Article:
The Right to Rent Scheme has created hassle and inconvenience for landlords and tenants generally, but studies have shown that its most severe impact has been on BME, non-British and non-European people who are trying to find rented accommodation. While the Joint Council for the Welfare of Immigrants (“JCWI”) and others have accused the scheme of having discriminatory impact on people in those groups, the Government took steps in 2017 to expand the scheme as it developed its ‘hostile environment’ policy.
The Independent Chief Inspector of Borders and Immigration published a report in March which was critical of the Home Office’s implementation of the scheme. One of the recommendations made that the Home Office should develop and make public plans for the monitoring and evaluation of the Right to Rent measures including the impact of the measures on racial and other discrimination. The Home Office response did not specifically address the question of discrimination and it appeared that the Government was not interested in looking closer at the knock-on effects of Right to Rent.
The recent focus on the status of the so called ‘Windrush generation’ may bring renewed attention to the discriminatory effect of Right to Rent. Named after the MV Empire Windrush, one of the many ships which brought people from Caribbean countries to the UK between 1948 and 1971, the Windrush generation are the group of Commonwealth citizens travelled lawfully to the UK. This group was granted indefinite leave to remain in the UK by the Immigration Act 1971, but many do not have any documentation to prove this. The immigration status of such people is further complicated by the fact that many emigrated from countries which were not independent from the UK at the time – and they were already British Citizens before they arrived.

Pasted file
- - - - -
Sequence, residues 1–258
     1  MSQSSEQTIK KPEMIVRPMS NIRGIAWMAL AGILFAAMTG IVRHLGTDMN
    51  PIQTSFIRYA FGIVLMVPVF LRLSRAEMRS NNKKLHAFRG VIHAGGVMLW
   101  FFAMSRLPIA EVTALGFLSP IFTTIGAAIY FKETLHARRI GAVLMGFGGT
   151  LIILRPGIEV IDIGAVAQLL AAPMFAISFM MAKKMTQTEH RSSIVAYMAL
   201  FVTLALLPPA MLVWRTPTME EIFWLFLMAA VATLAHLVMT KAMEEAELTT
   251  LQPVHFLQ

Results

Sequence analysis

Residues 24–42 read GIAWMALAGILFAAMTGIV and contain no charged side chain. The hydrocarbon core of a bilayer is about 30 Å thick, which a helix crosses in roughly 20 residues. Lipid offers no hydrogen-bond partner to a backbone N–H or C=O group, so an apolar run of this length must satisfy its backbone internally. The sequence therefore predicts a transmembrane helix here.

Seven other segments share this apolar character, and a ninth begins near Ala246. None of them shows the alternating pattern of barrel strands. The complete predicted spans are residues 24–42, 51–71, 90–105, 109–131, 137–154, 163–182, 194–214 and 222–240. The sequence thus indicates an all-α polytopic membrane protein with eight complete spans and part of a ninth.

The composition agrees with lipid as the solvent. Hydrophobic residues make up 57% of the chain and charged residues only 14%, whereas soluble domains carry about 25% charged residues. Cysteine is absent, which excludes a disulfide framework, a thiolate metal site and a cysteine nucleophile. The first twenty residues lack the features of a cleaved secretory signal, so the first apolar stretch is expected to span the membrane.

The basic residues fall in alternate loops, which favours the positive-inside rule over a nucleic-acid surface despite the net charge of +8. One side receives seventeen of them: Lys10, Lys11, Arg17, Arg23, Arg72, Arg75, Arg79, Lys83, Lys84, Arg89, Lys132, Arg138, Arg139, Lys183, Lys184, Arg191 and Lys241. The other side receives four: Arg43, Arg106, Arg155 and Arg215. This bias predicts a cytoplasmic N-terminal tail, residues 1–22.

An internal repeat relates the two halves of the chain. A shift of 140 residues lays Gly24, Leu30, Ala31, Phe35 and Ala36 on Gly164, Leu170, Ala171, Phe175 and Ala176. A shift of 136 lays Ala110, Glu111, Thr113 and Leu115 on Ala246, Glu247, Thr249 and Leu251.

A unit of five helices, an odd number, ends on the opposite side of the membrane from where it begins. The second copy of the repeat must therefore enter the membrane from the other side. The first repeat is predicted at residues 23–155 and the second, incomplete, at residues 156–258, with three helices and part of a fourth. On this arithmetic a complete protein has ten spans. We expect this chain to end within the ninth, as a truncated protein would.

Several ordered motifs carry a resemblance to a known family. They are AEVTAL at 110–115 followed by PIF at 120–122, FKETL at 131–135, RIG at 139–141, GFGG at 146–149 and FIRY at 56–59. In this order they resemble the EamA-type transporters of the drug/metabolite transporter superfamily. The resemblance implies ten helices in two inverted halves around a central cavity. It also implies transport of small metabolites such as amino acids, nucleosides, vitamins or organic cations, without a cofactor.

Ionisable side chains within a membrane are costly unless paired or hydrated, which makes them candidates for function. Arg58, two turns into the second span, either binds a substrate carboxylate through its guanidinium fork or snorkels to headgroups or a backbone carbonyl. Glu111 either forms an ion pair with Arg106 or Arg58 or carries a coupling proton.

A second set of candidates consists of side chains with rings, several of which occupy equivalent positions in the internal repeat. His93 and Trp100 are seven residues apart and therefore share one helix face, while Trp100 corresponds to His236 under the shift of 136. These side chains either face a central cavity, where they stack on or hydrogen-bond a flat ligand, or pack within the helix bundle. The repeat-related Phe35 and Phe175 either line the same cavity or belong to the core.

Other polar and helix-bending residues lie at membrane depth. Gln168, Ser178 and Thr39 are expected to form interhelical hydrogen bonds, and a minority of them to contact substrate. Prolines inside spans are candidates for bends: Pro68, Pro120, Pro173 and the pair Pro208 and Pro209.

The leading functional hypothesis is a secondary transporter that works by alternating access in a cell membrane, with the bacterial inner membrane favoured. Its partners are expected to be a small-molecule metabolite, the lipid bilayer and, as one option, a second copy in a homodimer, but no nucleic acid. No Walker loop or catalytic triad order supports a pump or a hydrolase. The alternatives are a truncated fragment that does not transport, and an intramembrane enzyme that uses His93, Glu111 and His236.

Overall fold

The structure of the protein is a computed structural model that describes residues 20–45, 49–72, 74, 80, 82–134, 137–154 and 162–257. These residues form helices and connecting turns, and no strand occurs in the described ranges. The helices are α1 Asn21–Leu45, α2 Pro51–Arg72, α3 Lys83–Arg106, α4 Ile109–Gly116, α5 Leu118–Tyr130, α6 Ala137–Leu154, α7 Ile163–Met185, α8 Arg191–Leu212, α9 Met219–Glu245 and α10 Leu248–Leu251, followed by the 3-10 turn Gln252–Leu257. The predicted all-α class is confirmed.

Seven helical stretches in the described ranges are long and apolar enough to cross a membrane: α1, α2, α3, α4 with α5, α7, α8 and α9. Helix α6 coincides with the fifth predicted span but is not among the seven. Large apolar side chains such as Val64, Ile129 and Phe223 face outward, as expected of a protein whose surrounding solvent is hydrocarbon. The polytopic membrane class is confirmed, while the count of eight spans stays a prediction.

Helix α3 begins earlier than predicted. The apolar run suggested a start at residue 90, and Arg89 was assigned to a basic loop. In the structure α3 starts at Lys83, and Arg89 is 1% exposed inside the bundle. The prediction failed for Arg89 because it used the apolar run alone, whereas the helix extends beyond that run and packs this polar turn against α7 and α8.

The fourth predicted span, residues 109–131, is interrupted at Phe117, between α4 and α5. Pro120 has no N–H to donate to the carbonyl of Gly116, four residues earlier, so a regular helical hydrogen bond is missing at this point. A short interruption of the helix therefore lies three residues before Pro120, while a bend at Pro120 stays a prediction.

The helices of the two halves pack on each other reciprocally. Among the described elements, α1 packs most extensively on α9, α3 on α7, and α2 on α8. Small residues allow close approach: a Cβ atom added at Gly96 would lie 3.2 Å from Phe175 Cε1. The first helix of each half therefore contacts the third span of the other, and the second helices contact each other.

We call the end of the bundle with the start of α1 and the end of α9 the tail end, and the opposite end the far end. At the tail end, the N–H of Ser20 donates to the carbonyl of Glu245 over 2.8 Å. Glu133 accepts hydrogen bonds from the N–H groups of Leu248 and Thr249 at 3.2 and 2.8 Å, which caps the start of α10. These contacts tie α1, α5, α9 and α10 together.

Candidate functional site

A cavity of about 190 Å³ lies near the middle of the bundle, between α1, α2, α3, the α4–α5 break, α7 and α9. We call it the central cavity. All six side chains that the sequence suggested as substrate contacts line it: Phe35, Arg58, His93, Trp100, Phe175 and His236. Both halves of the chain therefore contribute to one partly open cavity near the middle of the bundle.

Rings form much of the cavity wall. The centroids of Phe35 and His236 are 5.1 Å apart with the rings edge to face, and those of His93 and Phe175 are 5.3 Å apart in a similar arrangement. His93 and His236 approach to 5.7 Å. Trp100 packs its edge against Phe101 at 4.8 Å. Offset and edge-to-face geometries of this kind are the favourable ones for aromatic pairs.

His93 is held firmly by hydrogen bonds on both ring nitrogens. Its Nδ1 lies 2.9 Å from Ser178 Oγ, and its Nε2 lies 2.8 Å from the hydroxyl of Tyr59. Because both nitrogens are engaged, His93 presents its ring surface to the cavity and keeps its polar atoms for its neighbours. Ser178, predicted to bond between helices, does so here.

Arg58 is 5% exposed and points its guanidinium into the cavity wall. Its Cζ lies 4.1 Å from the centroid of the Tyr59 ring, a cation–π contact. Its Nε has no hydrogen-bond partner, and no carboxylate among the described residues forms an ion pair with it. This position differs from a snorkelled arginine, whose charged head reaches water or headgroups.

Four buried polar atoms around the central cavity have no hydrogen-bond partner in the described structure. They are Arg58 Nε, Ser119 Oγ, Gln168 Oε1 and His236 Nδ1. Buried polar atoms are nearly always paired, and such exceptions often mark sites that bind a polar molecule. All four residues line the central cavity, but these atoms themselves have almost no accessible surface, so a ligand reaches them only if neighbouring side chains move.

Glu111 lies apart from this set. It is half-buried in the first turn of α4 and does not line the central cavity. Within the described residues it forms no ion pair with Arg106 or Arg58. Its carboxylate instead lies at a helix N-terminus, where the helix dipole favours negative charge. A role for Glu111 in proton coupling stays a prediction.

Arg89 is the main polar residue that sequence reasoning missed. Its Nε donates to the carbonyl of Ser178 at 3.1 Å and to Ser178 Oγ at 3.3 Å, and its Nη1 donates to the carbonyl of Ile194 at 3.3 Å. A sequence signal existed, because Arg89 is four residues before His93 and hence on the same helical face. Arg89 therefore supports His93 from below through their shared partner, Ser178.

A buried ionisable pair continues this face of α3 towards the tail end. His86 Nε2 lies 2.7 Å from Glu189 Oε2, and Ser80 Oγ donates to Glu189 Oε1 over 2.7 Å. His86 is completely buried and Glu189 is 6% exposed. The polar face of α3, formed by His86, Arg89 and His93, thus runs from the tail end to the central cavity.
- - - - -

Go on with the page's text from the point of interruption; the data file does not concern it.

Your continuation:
Many in the Windrush generation who are entitled to live and work in the UK have struggled to prove this to the Home Office’s satisfaction. The Right to Rent scheme creates a further problem – how can someone demonstrate their right to rent property in England if they do not have the sorts of documents which the Right to Rent scheme requires?
The Right to Rent scheme does not require tenants to provide a UK passport, a biometric residence permit or a naturalisation certificate; other documents such as driving licences are acceptable in combination to prove someone has an unlimited Right to Rent. However, even if someone produces these documents, unless the landlord has a good understanding of how Right to Rent works, they may not realise that the documents provided are sufficient. It is inevitable that many BME people looking for a home in the private rented sector will be subject to discrimination when looking to rent property. As a society we may have moved on from ‘No black, no dogs, no Irish’, but the evidence collected by the JWCI and the RLA suggested that Right to Rent has introduced new forms of discrimination.
Landlords might ask for some sympathy here – if the Home Office cannot get it right, can they really be expected to understand the nuances of immigration and nationality law? It is not surprising that, as a survey by the RLA found, many landlords are taking an unlawful and discriminator ‘play it safe’ approach and are reluctant to let property to someone without a British passport.
The alleged structural discriminatory effect of the Right to Rent scheme will be considered in two pending judicial review claims against the Home Office, and the Government may now be forced to reconsider its ‘hostile environment’ approach entirely. Anthony Gold Solicitors are instructed to intervene in both these cases for an interested party.
While the Right to Rent scheme remain in place landlords and agents must consider carefully whether they have sufficient systems in place to prevent discriminatory practises.